“All I can do is try and help the Air Force figure out where we want to be next year if we can continue that program. But we know that is very Indy 500 focused. I think there’s a lot of positive stuff happening and depending on how this weekend goes we’ll be able to know for sure next week.”

Steve McQueen’s famous Porsche 917K displayed in new museum

Photo courtesy of the Brumos Collection
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One of the most famous race cars in film history will be featured in a new automotive museum in Florida.

The legendary Porsche 917K driven by Steve McQueen in the 1971 film ‘Le Mans’, which was last seen in 2017 when it sold for $14 million in an auction, will be one of the prominent pieces in the Brumos Collection, a new automotive museum in Jacksonville.

Widely considered the most famous Porsche 917 ever built, the historic race car initially was used for Le Mans testing before being featured in the McQueen film. The car was housed in a barn for more than two decades before re-emerging fully restored in 2001.

The car was unveiled as the newest member of the Brumos Collection during a special event signifying the museum’s grand opening on Monday.

With more than three dozen vehicles, the Brumos Collection provides museum guests an up-front look at racing and automotive history.

Notable race cars in the collection include:

  • 1968 Porsche 908: In the second track appearance ever for Porsche’s then-new 908, drivers Jo Siffert and Vic Elford tackled the notorious Nürburgring’s 1000 km in this yet-unproven model. Starting in the 27th position, Siffert guided the 908 to second at the end of the first lap and into the overall lead after the second lap, setting a lap record. This historic 908 persevered through a grueling 44 laps around Nürburgring’s 14-mile course, skillfully navigating a 1000-foot elevation change and 160 turns through the forest.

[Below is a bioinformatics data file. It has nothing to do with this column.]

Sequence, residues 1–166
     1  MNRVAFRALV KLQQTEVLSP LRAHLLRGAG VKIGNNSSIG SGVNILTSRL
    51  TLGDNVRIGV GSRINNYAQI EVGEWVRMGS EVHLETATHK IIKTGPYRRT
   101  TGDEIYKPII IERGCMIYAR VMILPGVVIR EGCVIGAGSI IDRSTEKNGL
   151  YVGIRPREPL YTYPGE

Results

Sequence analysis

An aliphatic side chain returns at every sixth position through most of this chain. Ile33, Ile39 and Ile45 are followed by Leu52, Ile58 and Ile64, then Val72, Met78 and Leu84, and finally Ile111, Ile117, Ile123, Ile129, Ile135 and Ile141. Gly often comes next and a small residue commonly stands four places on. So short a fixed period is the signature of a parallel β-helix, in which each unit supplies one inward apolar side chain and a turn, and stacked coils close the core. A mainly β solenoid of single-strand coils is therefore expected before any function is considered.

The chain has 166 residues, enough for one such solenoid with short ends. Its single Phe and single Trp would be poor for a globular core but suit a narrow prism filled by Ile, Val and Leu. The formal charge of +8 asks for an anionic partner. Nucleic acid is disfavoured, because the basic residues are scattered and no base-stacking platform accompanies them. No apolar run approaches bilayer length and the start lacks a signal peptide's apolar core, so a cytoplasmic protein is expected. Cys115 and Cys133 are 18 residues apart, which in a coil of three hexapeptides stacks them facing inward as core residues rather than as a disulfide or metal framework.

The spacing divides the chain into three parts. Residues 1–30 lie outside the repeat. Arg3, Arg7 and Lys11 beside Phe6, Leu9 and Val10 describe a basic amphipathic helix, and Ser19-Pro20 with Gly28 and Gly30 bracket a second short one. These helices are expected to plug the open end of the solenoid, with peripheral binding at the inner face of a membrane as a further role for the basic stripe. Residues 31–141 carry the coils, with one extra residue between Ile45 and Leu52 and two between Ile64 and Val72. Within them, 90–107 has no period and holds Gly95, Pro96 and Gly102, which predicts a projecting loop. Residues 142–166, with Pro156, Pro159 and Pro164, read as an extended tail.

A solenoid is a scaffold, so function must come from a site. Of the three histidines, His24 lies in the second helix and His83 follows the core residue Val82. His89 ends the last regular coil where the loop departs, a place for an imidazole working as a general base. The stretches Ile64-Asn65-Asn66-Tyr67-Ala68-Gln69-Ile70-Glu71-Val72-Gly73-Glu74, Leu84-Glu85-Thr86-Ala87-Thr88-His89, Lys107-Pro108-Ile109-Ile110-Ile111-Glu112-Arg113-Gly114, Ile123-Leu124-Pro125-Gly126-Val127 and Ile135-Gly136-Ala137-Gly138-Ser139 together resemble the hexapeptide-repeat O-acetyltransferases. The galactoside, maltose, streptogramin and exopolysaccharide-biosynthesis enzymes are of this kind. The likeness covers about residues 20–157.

• 1979 Porsche 935: This #59 Brumos Porsche 935 is shown exactly as it raced when it won the 1979 IMSA Championship with Peter Gregg behind the wheel. It is authentic in every detail, down to his distinctive tartan seat upholstery. Arguably the finest season of his career, Gregg won eight races and eight consecutive pole positions in 1979. The car won 53 percent of the races it entered, carrying Gregg to 20 percent of his total career IMSA victories.
  • 1972 Porsche 917-10: The first 917/10 was produced in 1971. This Can-Am Racer had a twin-turbocharged engine capable of 200+mph speeds at 1100 hp. Peter Gregg raced the car to a 9th place finish in the 1972 Can-Am Championship, followed by Hurley Haywood’s 3rd place finish in the 1973 Can-Am Series season. The Brumos Porsche 917-10 was the first race car to carry what has now become the iconic and recognizable white, red and blue livery with the famous Brumos Racing “sweeps.”
  • 1923 Miller 122 Grand Prix: Miller was the first American race car bought solely to race in Europe. This 1923 Miller 122 Grand Prix was driven by Bugatti racer Count Louis Zborowski, who raced it in England, Spain and France. Returned to the United State 89 years later, this is considered one of the most complete surviving Millers.